Teaching Technology and Society
Understanding a Complex Dynamic
by William J. Astore, associate professor of history.
Do we control technology, or does technology control us? Put differently, is technology simply a tool that humans invent to perform a certain task, or do our tools constrain or even determine our responses in ways we cannot fully predict? Is new technology always better, a sign of inevitable progress? If so, are people who resist new technology irrational, even “Luddites,” who mindlessly rage against the machine? Or are they rational and mindful seekers, working to protect time-honored values and a way of life against the perils of modernization, such as the Amish people in Pennsylvania?
"Technology, in a way, is a mirror in which we see ourselves reflected."
Pennsylvania College of Technology students debate and discuss such issues in History 262, “Technology and Society.” Immediately after becoming a four-year college in 1989, Penn College recognized the need for courses that tackled the complex dynamic that exists between technology and the many human societies that technology helps to create, sustain, and sometimes to disrupt and even to destroy. Led by Daniel J. Doyle, now an emeritus professor at Penn College, History 262 sought to introduce students to the potentially unsettling idea that technology has been, and continues to be, a powerful force that we as humans do not always fully understand, let alone fully control.
STS Courses at Penn College
As we mark the 20th anniversary of Penn College, we also mark the anniversary of the creation of STS courses, or Science, Technology and Society. Today, Penn College offers two dozen STS courses that plumb the depths of the science, technology and society dynamic in subject areas as diverse as aviation, biology, construction, and health and human services. Such courses recognize that the ultimate “success” or “failure” of technologies is often not determined solely by technical factors; other concerns, such as aesthetics or cultural values or perceptions of risk and safety, intervene to vex the most skilled scientists and engineers. Such nontechnical circumstances serve to remind us that technology is a thoroughly human endeavor – and thus often a thoroughly unpredictable one.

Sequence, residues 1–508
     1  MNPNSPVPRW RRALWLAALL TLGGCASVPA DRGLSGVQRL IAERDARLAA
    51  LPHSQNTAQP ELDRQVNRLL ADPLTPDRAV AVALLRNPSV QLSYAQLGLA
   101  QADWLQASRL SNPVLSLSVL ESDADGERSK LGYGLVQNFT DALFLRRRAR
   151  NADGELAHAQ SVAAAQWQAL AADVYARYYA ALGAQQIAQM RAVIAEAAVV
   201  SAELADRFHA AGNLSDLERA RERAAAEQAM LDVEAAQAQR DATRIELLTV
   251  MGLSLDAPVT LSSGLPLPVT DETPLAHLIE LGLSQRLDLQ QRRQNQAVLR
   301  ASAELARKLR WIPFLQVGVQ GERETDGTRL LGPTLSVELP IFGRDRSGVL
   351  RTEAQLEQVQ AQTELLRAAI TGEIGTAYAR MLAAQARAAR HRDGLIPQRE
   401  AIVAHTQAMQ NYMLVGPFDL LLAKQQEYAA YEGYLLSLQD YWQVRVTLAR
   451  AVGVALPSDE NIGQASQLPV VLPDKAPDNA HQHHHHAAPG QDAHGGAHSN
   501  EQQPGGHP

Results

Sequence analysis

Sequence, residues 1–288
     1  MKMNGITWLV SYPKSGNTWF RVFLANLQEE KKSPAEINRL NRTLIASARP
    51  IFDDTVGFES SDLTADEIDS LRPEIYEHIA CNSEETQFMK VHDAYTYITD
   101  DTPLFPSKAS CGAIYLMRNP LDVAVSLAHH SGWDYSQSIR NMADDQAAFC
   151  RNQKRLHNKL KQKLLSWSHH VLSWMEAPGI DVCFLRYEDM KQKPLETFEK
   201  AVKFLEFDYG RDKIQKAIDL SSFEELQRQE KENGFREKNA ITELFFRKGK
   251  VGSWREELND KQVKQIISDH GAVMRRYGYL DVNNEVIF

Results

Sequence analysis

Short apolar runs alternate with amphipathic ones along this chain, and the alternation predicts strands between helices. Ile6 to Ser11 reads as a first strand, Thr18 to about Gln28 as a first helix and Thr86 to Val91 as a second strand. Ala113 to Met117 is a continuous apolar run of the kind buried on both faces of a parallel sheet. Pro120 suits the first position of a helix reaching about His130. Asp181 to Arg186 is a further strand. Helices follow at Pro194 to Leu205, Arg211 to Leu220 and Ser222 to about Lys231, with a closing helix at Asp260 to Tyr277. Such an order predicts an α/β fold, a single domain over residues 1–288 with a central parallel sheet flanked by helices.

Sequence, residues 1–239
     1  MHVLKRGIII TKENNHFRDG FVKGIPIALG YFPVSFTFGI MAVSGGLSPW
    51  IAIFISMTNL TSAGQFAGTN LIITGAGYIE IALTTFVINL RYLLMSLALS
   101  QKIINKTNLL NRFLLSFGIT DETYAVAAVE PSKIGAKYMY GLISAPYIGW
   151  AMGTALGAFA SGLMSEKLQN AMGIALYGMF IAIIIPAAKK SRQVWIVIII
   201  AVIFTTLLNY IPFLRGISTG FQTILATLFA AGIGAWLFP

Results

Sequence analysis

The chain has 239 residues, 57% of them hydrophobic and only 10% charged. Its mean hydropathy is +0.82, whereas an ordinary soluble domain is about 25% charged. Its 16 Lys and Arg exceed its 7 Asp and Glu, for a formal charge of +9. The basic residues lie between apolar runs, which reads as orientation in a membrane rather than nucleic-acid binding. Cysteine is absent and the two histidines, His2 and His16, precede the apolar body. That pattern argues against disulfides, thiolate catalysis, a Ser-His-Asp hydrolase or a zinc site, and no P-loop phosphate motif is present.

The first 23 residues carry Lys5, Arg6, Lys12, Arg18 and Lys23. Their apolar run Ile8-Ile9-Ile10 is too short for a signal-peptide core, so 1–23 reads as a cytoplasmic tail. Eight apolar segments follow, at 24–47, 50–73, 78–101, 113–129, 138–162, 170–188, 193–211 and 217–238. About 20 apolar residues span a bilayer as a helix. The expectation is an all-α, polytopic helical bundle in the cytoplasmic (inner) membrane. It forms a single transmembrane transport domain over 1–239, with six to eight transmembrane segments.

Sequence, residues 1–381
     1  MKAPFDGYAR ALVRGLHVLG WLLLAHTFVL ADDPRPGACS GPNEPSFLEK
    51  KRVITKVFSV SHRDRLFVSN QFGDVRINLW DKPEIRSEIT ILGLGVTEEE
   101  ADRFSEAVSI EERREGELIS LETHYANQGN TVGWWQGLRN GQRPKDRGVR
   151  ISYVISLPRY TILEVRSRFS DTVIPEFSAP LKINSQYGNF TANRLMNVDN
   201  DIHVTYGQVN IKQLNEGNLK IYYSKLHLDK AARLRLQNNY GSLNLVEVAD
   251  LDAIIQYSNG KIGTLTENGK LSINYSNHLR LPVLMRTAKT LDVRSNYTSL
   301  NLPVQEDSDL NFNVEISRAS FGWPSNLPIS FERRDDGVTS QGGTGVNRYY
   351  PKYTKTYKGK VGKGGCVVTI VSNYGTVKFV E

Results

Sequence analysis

Is New Technology Always Better?
When History 262 was created in 1990-91, many Penn College students, recalls Doyle, arrived in class with the notion that technology is inevitably developmental and progressive, a wondrous force for good in the world. Doyle wryly recalls how he sought to encourage students to interrogate their unexamined assumptions: “I developed a mantra: ‘By what criteria and from whose perspective,’ as I challenged them and encouraged them to step back from their culturally embedded way of seeing the world.”
American culture (and American students) tends to value whatever is newest, fastest, more powerful and most profitable. American attitudes are products, if you will, of the Industrial Revolution of the 19th century. Yet, as America shifted from the skill and creativity of individual workers to repetitive mechanical processes in the drive to mass production and greater efficiency, was there not something lost? In raising this question in class, Doyle recounts that it was his “personal mission” to counter the prevailing view that those who resisted industrialization were reactionaries: history’s misguided and inevitable losers. Instead, Doyle notes, he sought “to reframe how they (technology’s critics) should be regarded – as seeking to preserve their skills, status in society and overall way of life.”
Thinking Critically About Technology